Let the meat rest in the refrigerator during this time, fully submerged in the marinade. The longer the beef sits in the mixture, the more pronounced the flavors will become. However, they should avoid marinating beyond 48 hours as the texture of the meat may start to break down, becoming too soft.
Setting Up the Smoker
Before one begins the process of smoking beef jerky, preparing the smoker is a critical step. The type of wood and the management of temperature and smoke all contribute to the final flavor and texture of the jerky.
Choosing the Right Wood
The type of wood used for smoking beef jerky is pivotal in flavoring the meat. Woods like hickory and mesquite impart a strong, smoky flavor, while oak is a little milder. For a sweeter note, one might opt for apple wood or cherry wood. Pecan provides a subtler touch. It’s also important to match the wood to the type of smoker:
- Pellet smokers and grills work best with pellets designed for smoking, which come in various wood flavors.
- For electric smokers, one should use wood chips, ensuring they don’t overfill the tray.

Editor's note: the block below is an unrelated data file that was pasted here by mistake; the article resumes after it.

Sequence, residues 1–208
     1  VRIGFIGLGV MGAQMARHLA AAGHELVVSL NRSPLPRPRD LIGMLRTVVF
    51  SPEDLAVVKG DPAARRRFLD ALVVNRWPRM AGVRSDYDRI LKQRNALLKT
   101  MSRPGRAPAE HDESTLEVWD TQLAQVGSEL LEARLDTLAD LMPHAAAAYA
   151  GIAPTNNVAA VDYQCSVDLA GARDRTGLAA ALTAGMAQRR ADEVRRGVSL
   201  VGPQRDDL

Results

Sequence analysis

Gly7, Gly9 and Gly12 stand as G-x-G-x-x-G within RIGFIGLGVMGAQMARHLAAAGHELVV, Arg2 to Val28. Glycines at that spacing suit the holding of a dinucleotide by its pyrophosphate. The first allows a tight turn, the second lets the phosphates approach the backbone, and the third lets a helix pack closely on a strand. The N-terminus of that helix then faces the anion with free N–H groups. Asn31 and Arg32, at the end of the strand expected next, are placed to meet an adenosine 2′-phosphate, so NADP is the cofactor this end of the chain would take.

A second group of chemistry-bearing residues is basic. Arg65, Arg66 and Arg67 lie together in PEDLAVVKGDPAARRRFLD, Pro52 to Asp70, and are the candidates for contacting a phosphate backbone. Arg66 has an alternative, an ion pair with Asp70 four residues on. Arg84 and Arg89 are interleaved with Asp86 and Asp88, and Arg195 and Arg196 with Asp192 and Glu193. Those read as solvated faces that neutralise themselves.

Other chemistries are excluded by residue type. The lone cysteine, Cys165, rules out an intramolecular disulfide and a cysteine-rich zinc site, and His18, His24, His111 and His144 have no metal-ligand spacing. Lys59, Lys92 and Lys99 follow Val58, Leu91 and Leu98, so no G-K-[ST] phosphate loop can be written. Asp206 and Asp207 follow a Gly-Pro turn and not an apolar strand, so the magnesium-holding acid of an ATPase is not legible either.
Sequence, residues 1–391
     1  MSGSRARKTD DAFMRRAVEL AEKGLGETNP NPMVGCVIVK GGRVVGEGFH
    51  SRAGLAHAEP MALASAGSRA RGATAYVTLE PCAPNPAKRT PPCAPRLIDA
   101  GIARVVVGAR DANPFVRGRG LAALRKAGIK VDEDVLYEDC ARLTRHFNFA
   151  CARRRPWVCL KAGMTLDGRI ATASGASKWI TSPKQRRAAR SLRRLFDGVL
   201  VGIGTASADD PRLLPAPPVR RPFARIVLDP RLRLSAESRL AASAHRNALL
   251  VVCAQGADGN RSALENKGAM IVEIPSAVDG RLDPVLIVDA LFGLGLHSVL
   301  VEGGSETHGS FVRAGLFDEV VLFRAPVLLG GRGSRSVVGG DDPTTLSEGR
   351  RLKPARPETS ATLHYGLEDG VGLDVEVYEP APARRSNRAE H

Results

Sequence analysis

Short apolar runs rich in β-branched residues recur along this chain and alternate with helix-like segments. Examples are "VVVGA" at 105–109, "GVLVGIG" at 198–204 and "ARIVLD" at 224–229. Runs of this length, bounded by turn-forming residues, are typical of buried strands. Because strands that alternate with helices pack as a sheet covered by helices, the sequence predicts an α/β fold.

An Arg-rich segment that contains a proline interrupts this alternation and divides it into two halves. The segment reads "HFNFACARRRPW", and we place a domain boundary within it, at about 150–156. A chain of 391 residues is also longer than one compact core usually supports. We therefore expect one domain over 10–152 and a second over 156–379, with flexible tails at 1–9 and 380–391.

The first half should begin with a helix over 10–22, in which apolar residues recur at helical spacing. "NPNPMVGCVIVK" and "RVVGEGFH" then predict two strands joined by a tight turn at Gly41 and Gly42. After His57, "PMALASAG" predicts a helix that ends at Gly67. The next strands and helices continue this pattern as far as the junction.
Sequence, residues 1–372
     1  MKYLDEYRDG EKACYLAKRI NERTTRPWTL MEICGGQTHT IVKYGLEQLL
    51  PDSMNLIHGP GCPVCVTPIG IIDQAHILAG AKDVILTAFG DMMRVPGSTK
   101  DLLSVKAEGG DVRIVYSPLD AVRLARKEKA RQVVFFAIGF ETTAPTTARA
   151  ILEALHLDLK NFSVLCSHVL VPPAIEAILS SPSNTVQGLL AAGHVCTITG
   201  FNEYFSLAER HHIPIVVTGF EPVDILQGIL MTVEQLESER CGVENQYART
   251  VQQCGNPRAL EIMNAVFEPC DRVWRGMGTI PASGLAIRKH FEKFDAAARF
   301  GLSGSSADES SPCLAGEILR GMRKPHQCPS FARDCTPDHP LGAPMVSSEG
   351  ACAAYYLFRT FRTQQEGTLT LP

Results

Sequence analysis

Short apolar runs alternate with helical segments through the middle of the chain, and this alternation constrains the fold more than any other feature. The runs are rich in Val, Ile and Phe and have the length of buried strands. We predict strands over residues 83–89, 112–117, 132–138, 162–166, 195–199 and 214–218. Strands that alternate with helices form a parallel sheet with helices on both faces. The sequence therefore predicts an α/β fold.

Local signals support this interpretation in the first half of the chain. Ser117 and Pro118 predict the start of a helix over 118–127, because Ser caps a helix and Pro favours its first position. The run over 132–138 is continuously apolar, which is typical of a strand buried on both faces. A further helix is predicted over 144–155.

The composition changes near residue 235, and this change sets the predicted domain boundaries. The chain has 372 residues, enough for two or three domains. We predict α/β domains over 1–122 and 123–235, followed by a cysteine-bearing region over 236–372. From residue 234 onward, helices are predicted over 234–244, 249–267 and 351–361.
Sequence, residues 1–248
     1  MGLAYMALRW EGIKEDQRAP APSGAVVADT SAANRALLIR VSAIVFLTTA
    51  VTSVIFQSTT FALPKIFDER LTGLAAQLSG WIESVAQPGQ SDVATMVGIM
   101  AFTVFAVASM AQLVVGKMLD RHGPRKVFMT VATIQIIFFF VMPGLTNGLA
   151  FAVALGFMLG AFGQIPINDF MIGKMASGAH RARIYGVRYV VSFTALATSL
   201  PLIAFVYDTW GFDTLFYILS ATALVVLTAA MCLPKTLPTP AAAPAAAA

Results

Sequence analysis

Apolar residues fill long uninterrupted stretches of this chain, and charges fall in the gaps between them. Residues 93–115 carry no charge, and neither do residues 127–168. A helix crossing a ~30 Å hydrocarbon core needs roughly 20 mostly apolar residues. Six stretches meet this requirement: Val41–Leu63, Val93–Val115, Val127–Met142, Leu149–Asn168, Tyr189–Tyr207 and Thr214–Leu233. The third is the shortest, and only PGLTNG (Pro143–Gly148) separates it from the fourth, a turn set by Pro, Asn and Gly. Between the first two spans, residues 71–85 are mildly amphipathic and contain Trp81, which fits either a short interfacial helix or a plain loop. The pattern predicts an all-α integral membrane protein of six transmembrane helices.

Preheating and Smoke Management
Properly preheating the smoker is essential. The smoker should reach a stable temperature before adding the meat. For beef jerky, the ideal temperature is around 165°F (74°C). It’s paramount to maintain a consistent temperature throughout the smoking process to ensure even drying of the jerky. Here are some tips:
- For pellet smokers and grills, setting the temperature is typically as easy as adjusting a dial.
- With electric smokers, it’s crucial to monitor the smoke production as too much can lead to bitter flavors.
- Use a smoker thermometer to keep an accurate read on the temperature, as internal smoker gauges can often be unreliable.
Drying and Smoking
After marinating, the critical steps to achieving flavorful smoked beef jerky are proper drying and smoking. Both stages require attention to detail to ensure the jerky develops its signature texture and taste.
Arranging Strips on Racks
To begin, one must arrange the marinated jerky strips on the racks, ensuring they do not overlap. It’s typically recommended to use a cooling rack or grill grates to aid airflow around each piece. For those using an oven, laying aluminum foil beneath the racks helps catch drips without blocking the airflow essential for even drying.
Controlling Temperature and Airflow
The right temperature and airflow are crucial for drying out the meat without cooking it. When using a smoker or an oven with a built-in fan, aim to maintain a low temperature—usually between 160°F and 180°F. This slow process gradually dries the meat while infusing it with smoke flavor. The airflow should be steady but not too forceful to prevent the jerky from becoming too tough.